10 Science Projects to Boost Investigative Skills in School-Aged Children
June 20, 2013 | in Nannies
By Erin McNeill
Science sparks curiosity in even the youngest children, but as your children get older, they are ready for more complex experiments and concepts. Encourage them to explore the things that they love, but also set them up to explore things that are unknown to them. By creating a safe environment in which they can explore, you are setting them up to ask questions and investigate even further! Here are a few projects to get your young scientist involved.
- Magic ink – Using lemon juice, write a message on a piece of paper and let it dry. To reveal the message, hold the paper over a light bulb and watch as the message magically appears again! The heat from the bulb will react with the lemon juice and turn it brown, making it visible on the paper!
- Hover craft – You can make your own hover craft with an old CD, a bottle top (sports type) and a balloon. Use hot glue to attach the bottle top over the hole of the CD, making sure to leave the CD hole open. Once the glue has set, blow up the balloon and place over the bottle cap. When ready, release the balloon and watch the CD hover above the surface. Ask your child how they think it works, then research hover crafts together.
- Blobs in a bottle – Use a one liter bottle and add ¾ cup of water to it. Fill it the rest of the way with vegetable oil. When you add a few drops of food coloring, it will sink to the bottom and mix with the water. The last step is to add fizzing tablets, such as Alka-Seltzer, ½ a tablet at a time. Shake the bottle and watch the blobs float up and down in the bottle. Once the action stops, simply add another ½ of a tablet to see it all happen again.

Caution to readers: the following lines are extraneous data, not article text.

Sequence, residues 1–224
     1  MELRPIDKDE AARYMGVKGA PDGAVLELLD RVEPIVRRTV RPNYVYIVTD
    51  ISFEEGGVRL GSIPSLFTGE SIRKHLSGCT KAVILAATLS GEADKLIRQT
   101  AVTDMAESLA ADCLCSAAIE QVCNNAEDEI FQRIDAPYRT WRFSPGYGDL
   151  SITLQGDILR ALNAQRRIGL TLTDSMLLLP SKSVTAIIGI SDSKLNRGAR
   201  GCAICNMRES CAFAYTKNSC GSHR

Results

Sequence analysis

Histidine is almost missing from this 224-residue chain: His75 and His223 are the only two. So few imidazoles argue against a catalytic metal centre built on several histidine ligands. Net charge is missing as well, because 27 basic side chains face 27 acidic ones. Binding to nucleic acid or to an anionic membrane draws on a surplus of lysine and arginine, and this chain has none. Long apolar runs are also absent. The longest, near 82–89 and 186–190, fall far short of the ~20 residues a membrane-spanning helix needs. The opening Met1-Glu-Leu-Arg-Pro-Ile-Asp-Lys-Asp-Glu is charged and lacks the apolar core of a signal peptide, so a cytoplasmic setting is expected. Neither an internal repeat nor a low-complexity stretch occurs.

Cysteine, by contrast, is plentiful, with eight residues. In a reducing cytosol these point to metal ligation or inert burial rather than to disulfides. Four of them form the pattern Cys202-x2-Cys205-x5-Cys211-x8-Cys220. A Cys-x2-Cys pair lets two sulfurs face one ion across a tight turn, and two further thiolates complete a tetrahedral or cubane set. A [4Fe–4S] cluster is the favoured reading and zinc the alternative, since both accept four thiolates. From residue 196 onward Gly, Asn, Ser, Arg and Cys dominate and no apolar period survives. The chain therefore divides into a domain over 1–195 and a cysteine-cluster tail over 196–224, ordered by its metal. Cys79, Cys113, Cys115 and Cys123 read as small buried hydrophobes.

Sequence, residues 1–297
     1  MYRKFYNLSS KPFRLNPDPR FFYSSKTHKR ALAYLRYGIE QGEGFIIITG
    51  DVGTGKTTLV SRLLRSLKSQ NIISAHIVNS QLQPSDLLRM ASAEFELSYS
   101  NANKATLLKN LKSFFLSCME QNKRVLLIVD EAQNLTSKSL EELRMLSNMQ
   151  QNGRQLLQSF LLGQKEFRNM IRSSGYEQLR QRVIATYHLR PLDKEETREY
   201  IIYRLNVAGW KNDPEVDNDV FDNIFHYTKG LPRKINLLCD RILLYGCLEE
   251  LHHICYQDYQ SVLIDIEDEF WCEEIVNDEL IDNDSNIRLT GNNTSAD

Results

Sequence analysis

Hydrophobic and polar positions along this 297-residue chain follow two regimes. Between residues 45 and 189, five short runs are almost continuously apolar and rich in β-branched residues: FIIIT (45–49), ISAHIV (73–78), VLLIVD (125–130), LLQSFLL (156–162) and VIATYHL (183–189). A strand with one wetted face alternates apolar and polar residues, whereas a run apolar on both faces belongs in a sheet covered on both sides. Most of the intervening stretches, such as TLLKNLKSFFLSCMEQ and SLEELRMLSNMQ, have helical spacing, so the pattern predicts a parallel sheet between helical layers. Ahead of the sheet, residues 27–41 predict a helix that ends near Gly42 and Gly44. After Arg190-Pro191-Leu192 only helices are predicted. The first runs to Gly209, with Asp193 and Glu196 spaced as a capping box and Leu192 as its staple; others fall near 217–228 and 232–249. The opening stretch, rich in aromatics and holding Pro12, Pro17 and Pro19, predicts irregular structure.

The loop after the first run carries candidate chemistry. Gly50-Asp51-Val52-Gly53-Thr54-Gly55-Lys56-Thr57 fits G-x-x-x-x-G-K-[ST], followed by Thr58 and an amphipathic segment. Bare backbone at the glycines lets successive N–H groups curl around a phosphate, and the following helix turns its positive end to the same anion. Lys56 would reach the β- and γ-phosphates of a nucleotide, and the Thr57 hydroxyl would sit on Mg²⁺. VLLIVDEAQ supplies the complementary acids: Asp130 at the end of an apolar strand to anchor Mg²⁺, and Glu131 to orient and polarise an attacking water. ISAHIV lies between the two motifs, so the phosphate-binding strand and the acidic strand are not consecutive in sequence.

- Balloon rockets – Place half of a straw on a long piece of string and attach the string on both ends so that it hangs straight across the room. Blow up a balloon and attach it to the straw with a piece of tape. Release the end of the balloon and watch your balloon rocket itself across the room.
- Rubber chicken – Place a chicken bone in vinegar for three days. Remove it from the vinegar and compare it to a chicken bone that hasn’t been submersed in vinegar. What is different between the bones? What happened to the one in vinegar?
- Oobleck – Oobleck is an interesting homemade substance that is fun to make! You need 4 tablespoons of corn starch, 1 tablespoon of warm water and a few drops of food coloring. Mix them together and watch the substances transform. What happened when you mixed the ingredients together? Can you separate them again?
- Floating ball – Use a straw to blow air up into the sky. While doing this, place a ping pong ball above the air stream and try to keep it there while blowing through the straw. Why does this work?
- Color flowers – You can make your own flowers with color! Fill a glass with water and add 10 drops of food coloring, then place carnations with stems in the colored water. Watch what happens to them as they begin to suck up the water from the glass.
- Gumdrop architecture – Use toothpicks and gumdrops to create bridges, skyscrapers and other buildings. Who can build the longest bridge? Who can build the tallest building? You can also use clay or marshmallows in place of the gumdrops. Compare using different mediums to stick the toothpicks together.
- Fossils – Gather some shells, rocks, feathers and whatever else you can find in nature. Form a boat out of a small piece of foil. Mix some Plaster of Paris together and fill the foil bowl. Lightly press your object into the plaster and remove it before it is all the way dry (Plaster of Paris dries fairly quickly, so work fast!). Create a museum of all of your artifacts!
Remember to be patient as your child makes a mess and asks a ton of questions throughout the science process; that’s what science is! Once your child finds out one piece of information, it will likely lead to wanting to know more about the world around her. Encourage her to ask questions, formulate theories and explore!← 10 Ideas for Summer Fun in Your Own Backyard | How to Create a Neighborhood Camp for Kids →
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